A few days ago, I made a mistake. It wasn’t one of those simple, easy to repair mistakes, but rather one that I knew I shouldn’t do, but did anyway. I broke a promise to myself, and agreed to do a photo shoot for a colleague at work.
Now before you start on me with the comments like, “I thought you didn’t do photography anymore,” and “didn’t another colleague royally screw you out of some money owed from another shoot?” (both of which would be answered with a resigned sigh and a definite “yes”), let me explain.
The person who asked is a pretty sad sack, who suffers from a stutter and generally inappropriate social demeanor. He’s not someone I would consider a friend, really, but I challenge you to spend more than five minutes with the guy and not feel both sorry for him and WAY better about yourself. Initially, he asked me to help him out with professional head shots, which would be incredibly easy for me to do, and would really help him out, since he commutes to work nearly an hour and doesn’t really have a network of what you’d call “friends.”
At first, I told him that I’m retired from photography, but he persisted, and eventually I gave in. I’m such a pushover, and it’s something I’m definitely working on. The agreement for the shoot, well, this is the kick in the ass that I need to not agree to anything that I’m not comfortable with doing. And, the more I thought about it, this shoot was definitely going to be uncomfortable.
Only after I agreed did he tell me he had ended his long distance relationship with his lady friend, and would also need casual shots for “dating sites.” Ugh, I thought to myself, this is going to get weird and fast. Still, I didn’t back out, weighing the option of how I could do so and still see this person, yet knowing spending even five minutes of not work time with him was far more than I was comfortable doing. But, out of obligation, I kept my word.
The day of the shoot was a bad day at work, mostly because I was terrified of other people finding out about it, especially others who I had told before that I do not do photography anymore. I had an uncomfortable meeting with my boss to lodge a complaint about another colleague (which I posted about in earlier entries) and it didn’t go very well either.
Still when the time came for the shoot, my colleagues had all gone home for the day, and the likelihood that our photography activity would be spotted would be minimal. We had selected the cancer center where I work for the location, since it had a lot of beautiful areas for meditation and made for a nice outside backdrop. Still, the element of being so close to where people who would potentially spread the rumor of the shoot was a big factor, so I was determined to work as quickly as possible.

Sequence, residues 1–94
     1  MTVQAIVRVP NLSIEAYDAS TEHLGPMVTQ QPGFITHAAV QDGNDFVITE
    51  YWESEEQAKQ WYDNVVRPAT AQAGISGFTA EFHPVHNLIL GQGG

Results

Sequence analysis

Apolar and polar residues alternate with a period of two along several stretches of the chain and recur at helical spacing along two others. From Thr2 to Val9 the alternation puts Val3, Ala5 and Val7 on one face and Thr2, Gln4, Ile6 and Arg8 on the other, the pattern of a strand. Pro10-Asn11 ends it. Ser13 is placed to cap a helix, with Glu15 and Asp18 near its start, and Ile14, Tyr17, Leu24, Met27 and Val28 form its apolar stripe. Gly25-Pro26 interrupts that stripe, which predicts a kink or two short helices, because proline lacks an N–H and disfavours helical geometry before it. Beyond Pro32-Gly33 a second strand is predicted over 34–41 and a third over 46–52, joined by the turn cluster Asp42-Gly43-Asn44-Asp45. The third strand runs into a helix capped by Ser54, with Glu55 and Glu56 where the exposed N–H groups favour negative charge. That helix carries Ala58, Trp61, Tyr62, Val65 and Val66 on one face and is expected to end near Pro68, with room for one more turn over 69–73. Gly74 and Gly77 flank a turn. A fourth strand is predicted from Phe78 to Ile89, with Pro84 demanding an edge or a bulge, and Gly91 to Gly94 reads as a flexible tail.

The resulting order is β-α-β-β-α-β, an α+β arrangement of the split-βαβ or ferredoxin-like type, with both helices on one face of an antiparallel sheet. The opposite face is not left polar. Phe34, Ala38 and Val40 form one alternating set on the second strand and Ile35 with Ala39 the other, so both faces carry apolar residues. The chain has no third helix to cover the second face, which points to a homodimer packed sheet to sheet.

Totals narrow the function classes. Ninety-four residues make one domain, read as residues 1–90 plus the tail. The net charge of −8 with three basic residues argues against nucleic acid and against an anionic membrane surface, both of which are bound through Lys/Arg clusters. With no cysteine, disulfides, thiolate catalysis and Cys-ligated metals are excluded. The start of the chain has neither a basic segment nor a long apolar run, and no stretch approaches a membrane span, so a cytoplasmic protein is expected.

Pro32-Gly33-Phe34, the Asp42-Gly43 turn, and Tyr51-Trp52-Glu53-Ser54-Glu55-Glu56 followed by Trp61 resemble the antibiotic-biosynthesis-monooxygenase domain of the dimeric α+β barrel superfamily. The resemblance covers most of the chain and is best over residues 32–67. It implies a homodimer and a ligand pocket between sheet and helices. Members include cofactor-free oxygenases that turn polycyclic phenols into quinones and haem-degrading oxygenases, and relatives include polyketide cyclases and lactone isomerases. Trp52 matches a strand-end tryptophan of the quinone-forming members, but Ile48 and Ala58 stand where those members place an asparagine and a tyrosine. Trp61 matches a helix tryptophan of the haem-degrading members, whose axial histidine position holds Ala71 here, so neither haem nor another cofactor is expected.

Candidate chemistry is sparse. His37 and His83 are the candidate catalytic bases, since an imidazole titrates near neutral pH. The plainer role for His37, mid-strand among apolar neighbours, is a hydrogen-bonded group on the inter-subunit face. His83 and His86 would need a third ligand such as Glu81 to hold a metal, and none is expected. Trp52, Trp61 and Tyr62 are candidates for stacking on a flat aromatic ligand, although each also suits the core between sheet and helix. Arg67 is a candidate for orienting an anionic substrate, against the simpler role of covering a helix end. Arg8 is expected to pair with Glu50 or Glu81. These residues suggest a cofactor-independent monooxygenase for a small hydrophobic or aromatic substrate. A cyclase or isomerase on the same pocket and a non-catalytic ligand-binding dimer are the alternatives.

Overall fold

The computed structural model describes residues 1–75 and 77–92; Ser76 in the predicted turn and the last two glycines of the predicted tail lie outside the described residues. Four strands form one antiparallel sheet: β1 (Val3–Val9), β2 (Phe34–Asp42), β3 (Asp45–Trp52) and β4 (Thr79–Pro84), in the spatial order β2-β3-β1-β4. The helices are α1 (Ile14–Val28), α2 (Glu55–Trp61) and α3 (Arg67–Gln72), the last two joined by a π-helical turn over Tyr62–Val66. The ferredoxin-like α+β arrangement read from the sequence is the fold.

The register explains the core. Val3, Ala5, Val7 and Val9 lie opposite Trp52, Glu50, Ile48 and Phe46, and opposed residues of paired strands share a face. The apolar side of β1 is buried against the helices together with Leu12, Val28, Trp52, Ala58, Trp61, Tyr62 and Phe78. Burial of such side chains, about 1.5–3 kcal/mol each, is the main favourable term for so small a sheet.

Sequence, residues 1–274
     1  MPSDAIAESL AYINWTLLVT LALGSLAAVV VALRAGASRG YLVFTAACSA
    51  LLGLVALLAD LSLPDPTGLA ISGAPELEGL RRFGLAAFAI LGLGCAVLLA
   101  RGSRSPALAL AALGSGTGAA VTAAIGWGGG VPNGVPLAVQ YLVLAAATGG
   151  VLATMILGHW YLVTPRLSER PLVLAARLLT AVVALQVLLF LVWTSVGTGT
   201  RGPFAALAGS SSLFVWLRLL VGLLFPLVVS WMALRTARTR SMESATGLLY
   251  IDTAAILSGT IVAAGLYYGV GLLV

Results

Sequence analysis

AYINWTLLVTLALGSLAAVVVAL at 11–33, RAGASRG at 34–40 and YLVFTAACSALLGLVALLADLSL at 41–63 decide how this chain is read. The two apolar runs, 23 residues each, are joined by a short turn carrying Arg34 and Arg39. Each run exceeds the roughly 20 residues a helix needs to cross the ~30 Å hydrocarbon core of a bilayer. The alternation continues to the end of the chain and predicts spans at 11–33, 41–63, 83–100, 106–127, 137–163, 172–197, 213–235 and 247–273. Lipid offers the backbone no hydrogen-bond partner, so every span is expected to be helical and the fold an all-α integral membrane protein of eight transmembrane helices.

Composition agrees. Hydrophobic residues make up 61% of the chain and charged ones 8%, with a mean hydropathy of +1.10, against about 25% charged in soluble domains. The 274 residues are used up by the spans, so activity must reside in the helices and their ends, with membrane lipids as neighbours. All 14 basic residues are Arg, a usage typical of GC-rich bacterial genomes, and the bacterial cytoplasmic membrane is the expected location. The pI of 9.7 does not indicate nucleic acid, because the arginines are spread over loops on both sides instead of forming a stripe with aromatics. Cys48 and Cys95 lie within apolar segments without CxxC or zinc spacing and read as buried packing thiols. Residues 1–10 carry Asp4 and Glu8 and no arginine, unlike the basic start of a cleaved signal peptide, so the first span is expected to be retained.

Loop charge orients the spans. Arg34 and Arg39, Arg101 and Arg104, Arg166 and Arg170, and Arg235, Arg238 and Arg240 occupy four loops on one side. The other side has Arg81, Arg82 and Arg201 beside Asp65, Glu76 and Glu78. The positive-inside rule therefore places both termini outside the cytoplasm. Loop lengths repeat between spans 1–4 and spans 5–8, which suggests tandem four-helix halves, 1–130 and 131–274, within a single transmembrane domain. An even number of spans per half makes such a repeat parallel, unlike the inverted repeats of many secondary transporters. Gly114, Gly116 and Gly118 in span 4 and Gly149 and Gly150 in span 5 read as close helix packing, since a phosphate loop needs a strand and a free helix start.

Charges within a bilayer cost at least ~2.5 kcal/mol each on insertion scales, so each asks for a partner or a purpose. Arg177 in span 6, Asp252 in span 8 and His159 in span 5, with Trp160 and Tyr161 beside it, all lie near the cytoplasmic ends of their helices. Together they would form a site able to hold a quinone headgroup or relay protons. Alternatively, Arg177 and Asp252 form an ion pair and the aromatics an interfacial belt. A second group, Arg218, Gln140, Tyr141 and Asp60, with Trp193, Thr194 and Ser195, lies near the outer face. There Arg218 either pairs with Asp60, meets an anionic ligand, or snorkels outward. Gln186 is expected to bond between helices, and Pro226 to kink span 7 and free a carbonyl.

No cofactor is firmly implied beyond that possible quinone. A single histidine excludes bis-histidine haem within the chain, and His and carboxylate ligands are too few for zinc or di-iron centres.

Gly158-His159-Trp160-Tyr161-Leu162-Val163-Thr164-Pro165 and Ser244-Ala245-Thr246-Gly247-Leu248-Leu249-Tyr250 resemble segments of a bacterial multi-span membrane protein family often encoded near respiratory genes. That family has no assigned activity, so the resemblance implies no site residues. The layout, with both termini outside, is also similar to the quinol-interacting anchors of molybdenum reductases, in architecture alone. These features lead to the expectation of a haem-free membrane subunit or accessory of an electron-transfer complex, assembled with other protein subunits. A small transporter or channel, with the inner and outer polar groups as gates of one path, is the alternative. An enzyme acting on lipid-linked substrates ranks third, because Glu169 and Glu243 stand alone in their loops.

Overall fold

It didn’t matter, though, because I had taken no more than three shots when the director of the building came out to “heckle” us playfully. Of course, his office overlooked the scenic vista where we were working, and my delusion that no one would notice was immediately dispelled. I told my client that the likelihood this would now be shared with my boss was now imminent and any hope of keeping this project quiet was not going to happen. He told me that he would take care of it, but knowing him, he is a man of few loyalties and his word would probably have no sway.
As the shoot progressed, the client turned from nervous guy into creepy fledgling bachelor. I should note that the guy has terrible teeth, super obvious hair plugs and was old enough to be my father, yet he didn’t hesitate to make several inappropriate comments to me while we worked. I normally keep up some witty banter when shooting, as it keeps people at ease and gives for better smiles. However, at one point I was so uncomfortable that I simply stopped talking. He did notice eventually, commenting, “I’m being inappropriate.” I agreed that he was, and he simmered down a bit as we finished the last set of shots.
Later on, as I began working on the portraits, I thought they came out well, and should be suitable for his purposes. I had a little bit of color correction to do, but otherwise, they came out looking great. However, I was troubled by his teeth, as they were rather yellowy and it did show up on the closer snaps. I decided to go by my standard rule of “if you think it, do it” and went back and cleaned up the yellow in each one.
In the end, this was my punishment for breaking my rule. Whenever I think I can do “just one more” photo shoot, I’ll remember how nauseating it was to go back and “un-yellow” some creepy old guy’s teeth for an hour straight. Hopefully that will be enough to make me stick to my guns. However, if that’s not enough, I’ll also remember the director’s secretary striking sexy poses in the door of my office the next day, literally vogue-ing at me, and telling me how the “camera loves me.” That immortal embarrassment would be enough to never touch my camera ever again.